It is common for people on the spectrum to have an intense interest in a particular subject. For Brown, though, movies are far more than merely an interest. They’re his calling. He loves to watch them, quote them, write them, produce them, act in them. He has auditioned for TV roles and has made several self-produced short films.
Miller, a licensed psychologist in the Mizzou Student Health Center, compares ASD to being on vacation in a foreign country where you don’t know the customs. Given that analogy, movies have been Brown’s Rosetta Stone. As a child, they helped him learn how people interact and how he should behave in different situations. “I learned my manners from watching Disney movies,” he says.
Autism Spectrum Disorder
The first documented case of autism was in 1943. Around the same time, Dr. Hans Asperger, an Austrian pediatrician, was characterizing children who had a high-functioning form of autism, a condition that later became known as Asperger’s Syndrome. Clinicians no longer consider them separate conditions but rather one disorder with a continuous spectrum of symptoms, thus the name autism spectrum disorder.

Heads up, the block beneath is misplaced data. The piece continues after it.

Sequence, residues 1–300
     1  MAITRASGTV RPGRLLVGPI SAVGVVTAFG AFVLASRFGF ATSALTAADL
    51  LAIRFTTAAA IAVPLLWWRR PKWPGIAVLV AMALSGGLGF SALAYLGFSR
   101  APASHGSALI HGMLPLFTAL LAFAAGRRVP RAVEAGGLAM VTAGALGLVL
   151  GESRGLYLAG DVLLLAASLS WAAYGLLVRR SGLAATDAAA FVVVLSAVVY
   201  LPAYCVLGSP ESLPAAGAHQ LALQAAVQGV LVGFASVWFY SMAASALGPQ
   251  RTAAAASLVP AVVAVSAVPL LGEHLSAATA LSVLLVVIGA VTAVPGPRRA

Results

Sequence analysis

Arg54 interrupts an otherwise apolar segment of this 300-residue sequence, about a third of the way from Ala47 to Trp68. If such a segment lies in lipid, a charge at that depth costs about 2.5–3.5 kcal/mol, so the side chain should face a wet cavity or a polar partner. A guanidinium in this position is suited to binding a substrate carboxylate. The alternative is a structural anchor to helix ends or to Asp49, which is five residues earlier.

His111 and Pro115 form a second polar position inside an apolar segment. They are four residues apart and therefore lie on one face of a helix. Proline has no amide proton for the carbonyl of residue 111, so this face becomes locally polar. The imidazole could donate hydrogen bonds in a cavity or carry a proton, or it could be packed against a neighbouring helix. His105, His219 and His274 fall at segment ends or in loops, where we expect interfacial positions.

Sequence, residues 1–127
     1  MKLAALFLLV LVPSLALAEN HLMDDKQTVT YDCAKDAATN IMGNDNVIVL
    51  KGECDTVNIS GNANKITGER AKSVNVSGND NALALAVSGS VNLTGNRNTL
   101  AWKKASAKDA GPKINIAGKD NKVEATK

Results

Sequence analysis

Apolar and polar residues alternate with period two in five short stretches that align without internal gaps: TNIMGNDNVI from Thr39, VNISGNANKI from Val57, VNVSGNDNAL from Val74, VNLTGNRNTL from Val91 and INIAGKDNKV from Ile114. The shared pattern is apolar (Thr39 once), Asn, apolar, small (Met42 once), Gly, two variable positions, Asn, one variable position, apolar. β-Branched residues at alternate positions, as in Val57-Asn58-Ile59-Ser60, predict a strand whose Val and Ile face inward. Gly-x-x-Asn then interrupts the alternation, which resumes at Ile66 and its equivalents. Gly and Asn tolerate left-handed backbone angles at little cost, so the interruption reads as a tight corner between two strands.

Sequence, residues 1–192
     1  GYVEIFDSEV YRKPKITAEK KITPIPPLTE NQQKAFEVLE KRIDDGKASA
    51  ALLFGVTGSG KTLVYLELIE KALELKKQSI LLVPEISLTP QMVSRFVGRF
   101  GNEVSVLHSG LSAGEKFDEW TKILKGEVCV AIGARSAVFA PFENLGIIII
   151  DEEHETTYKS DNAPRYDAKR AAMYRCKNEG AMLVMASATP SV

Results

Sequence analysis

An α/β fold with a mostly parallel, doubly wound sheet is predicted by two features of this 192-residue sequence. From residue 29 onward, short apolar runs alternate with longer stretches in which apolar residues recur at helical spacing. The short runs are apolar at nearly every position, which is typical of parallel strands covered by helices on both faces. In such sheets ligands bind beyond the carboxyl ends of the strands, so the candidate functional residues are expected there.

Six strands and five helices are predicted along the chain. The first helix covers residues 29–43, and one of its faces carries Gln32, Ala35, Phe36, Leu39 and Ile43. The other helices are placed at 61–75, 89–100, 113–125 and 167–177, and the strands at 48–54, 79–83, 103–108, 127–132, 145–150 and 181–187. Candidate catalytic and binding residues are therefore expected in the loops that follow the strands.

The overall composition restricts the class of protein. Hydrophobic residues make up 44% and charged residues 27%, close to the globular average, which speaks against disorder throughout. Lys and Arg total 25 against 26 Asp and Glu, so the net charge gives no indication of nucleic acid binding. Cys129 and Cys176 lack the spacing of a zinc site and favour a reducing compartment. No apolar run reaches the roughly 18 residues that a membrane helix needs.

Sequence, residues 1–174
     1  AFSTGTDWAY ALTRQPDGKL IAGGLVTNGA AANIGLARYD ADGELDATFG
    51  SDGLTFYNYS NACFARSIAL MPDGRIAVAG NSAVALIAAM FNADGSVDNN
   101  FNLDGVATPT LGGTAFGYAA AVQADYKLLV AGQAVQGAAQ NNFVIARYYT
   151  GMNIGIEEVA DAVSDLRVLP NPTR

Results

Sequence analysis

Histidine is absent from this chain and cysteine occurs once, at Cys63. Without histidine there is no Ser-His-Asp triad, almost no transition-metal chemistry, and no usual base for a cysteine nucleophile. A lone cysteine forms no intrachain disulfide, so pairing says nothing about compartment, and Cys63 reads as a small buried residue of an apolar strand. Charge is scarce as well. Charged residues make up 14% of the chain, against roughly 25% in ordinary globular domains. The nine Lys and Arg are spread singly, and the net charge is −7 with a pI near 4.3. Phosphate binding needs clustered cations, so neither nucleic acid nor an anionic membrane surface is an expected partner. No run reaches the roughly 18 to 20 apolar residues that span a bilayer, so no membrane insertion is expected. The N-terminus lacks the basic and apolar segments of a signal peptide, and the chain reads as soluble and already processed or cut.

ASD affects one out of every 68 children born in the United States, according to the Centers for Disease Control and Prevention. The condition is typified by a lack of social understanding, limited ability to have a reciprocal conversation, an immature ability to manage emotions or show empathy, and behavior that is either socially withdrawn or domineering.
Not all of these characteristics are present in every person with ASD, and when they are present, they don’t necessarily manifest in the same way. As Miller is fond of pointing out, “If you’ve met one person on the spectrum, you’ve still only met one person on the spectrum.”
Some children are diagnosed with ASD before age 2. For others, symptoms aren’t evident until they start school. But students with ASD who are very high functioning can find refuge in the structured, supervised activities K-12 schooling offers, such sports, the arts or student clubs. These students might escape diagnosis until college or later, if ever.
“I’ve seen how autism can negatively affect someone’s college experience if undiagnosed.”
“I’ve seen how autism can negatively affect someone’s college experience if undiagnosed,” Miller tells his class. “I have met people in their 50s who were never diagnosed, and it has destroyed them.”